King George V Coronation Medal

The King George V Coronation Medal was a commemorative medal instituted in 1911 to celebrate the coronation of King George V, that took place on 22 June 1911.

King George V Coronation Medal
Obverse and reverse of the medal
TypeCommemoration medal
Awarded forParticipation in coronation, or public service
DescriptionSilver
Presented byUnited Kingdom
and Commonwealth
EligibilityCommonwealth citizens
ClaspsNone
Established1911
Total15,901
Ribbon bar
RelatedGeorge V Police Coronation Medal
Delhi Durbar Medal, 1911
Visit to Ireland Medal 1911

Award

It was the first British Royal commemorative medal to be awarded to people who were not in attendance at the coronation[1] and, as well of those involved in the ceremony, it was given to selected dignitaries, officials and members of the armed forces, both in Britain and across the Empire.

On 30 June 1911 a special ceremony was held in the grounds of Buckingham Palace for King George V to present medals to all members of the Colonial and Indian contingents who had represented the overseas troops in the Coronation procession. The ceremony lasted two hours, medals being handed by the King to each of the 300 recipients present.[2]

For this and subsequent Coronation and Jubilee medals until 1977, the practice was that the United Kingdom authorities decided on a total number to be produced, then allocated a proportion to each of the colonies, the Crown dependencies and the Commonwealth countries. The award of the medals was then at the discretion of the local government authority, who were free to decide who would be awarded a medal and why.

A total of 15,901 medals were awarded,[2] including 286 to Australians.

The medal was worn on the left breast with other coronation and jubilee medals. These were worn before campaign medals until November 1918,[3] after which the order of wear was changed, with such commemorative medals now worn after campaign medals and before long service awards.[4] Ladies could wear the medal near their left shoulder with the ribbon tied in the form of a bow.[3]

Recipients who were also eligible for the 1911 Delhi Durbar Medal received the Coronation medal only, and wore a crowned clasp inscribed 'DELHI' on the ribbon.[1]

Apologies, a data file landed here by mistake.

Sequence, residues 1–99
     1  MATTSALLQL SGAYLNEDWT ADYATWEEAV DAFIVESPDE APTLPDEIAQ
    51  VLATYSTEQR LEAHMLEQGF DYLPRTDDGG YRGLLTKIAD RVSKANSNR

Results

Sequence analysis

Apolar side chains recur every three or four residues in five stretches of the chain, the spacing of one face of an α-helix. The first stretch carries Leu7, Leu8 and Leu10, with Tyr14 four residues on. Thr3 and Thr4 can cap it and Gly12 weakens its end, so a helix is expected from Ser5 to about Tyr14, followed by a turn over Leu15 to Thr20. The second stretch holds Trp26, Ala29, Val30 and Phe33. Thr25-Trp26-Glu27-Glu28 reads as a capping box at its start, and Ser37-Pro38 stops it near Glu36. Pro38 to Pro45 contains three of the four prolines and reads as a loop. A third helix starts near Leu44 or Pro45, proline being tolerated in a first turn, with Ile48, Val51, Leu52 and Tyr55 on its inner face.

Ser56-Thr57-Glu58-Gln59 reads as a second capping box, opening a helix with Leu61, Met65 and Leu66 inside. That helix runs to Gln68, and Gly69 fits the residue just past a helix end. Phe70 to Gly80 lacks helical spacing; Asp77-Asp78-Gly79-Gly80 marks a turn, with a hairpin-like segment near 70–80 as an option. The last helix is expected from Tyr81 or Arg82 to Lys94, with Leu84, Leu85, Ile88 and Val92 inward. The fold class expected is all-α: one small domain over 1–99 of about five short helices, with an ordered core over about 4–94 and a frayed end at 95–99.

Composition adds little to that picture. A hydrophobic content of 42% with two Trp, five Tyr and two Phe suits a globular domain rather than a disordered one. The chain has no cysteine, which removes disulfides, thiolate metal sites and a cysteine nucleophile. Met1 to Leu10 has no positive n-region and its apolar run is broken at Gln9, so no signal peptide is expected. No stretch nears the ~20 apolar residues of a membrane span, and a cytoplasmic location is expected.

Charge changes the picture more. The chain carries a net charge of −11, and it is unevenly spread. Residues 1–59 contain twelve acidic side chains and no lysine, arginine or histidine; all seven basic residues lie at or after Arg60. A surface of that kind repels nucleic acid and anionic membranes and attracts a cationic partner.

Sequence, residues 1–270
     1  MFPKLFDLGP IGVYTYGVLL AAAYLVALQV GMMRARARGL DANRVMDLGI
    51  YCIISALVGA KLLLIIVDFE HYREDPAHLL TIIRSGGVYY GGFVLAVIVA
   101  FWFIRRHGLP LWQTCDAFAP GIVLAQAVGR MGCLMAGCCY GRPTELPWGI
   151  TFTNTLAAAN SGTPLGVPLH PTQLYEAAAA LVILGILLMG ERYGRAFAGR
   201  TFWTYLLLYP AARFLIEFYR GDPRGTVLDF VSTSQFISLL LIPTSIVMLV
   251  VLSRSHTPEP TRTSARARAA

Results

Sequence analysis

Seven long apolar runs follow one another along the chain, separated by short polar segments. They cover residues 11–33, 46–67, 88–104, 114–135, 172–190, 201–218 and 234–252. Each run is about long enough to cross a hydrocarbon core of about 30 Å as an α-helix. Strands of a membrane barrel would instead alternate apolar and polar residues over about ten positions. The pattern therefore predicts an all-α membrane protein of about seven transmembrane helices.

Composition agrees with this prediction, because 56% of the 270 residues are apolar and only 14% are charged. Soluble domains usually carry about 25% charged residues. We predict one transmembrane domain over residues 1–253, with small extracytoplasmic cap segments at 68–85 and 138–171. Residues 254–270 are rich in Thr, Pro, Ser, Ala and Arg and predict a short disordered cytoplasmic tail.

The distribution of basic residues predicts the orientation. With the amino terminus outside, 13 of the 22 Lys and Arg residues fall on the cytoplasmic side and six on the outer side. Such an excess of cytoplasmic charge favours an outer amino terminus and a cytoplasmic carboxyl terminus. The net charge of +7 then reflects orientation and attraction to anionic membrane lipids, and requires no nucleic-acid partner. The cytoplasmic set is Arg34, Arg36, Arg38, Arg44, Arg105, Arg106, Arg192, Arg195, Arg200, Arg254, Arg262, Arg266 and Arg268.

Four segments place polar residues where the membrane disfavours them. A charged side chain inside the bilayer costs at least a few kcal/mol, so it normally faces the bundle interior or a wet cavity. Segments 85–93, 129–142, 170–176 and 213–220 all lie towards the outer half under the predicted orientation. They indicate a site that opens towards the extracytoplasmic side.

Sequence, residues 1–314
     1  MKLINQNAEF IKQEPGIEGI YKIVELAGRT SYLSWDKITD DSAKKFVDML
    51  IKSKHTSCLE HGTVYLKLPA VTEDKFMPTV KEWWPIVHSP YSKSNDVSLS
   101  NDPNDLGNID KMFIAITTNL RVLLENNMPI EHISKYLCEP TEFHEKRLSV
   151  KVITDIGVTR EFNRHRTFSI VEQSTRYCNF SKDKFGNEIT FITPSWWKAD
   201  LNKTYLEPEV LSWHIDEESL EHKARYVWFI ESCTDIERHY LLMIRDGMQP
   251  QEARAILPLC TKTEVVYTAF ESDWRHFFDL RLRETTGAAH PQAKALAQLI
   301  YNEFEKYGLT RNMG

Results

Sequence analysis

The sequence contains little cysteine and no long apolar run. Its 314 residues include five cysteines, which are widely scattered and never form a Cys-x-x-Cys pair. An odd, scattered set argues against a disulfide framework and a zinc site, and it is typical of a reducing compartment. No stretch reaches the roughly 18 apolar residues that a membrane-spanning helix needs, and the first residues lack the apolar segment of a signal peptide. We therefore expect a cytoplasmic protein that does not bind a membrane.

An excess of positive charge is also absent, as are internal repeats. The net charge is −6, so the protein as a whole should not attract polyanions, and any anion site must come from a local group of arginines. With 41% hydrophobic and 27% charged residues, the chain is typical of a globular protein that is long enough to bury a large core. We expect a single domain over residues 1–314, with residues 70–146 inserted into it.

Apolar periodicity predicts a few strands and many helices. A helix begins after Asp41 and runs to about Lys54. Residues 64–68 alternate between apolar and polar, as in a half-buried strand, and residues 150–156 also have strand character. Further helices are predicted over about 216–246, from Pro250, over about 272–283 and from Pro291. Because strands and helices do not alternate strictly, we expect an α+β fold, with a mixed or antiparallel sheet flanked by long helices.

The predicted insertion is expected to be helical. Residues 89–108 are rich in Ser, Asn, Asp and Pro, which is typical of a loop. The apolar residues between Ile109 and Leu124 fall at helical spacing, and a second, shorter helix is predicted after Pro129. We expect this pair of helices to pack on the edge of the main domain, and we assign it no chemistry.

In addition, a Police Coronation Medal, of a different design and ribbon, was awarded to police officers on duty during the official Coronation celebrations.[2]

Description

  • The medal was designed by the Australian sculptor Bertram Mackennal.[2]
  • All awards were in silver, the medal being 32 millimetres (1.3 in) in diameter.
  • The obverse has a profile of King George V and his wife Queen Mary in coronation robes, facing left.
  • The reverse has the crowned Royal Cypher above the date of the coronation, 22 June 1911.
  • The 32 millimetres (1.3 in) wide ribbon is dark blue with two thin red stripes in its centre. Awards to ladies have the ribbon in the form of a bow.[5]
    • The ribbon for the police version of the medal is red with three narrow blue stripes.
  • The medal was awarded unnamed.[3]

References

  1. John W. Mussell, editor. Medal Yearbook 2015. p. 287 Published Token Publishing Limited, Honiton, Devon. 2015. {{cite book}}: |author= has generic name (help)
  2. Howard N Cole. Coronation and Royal Commemorative Medals. pp. 29–30. Published J. B. Hayward & Son, London. 1977.
  3. Howard N Cole. Coronation and Royal Commemorative Medals. pp. 3–4. Published J. B. Hayward & Son, London. 1977.
  4. "No. 32300". The London Gazette. 22 April 1921. p. 3184.
  5. Captain H. Taprell Dorling. Ribbons and Medals. p. 110. Published A.H.Baldwin & Sons, London. 1956.
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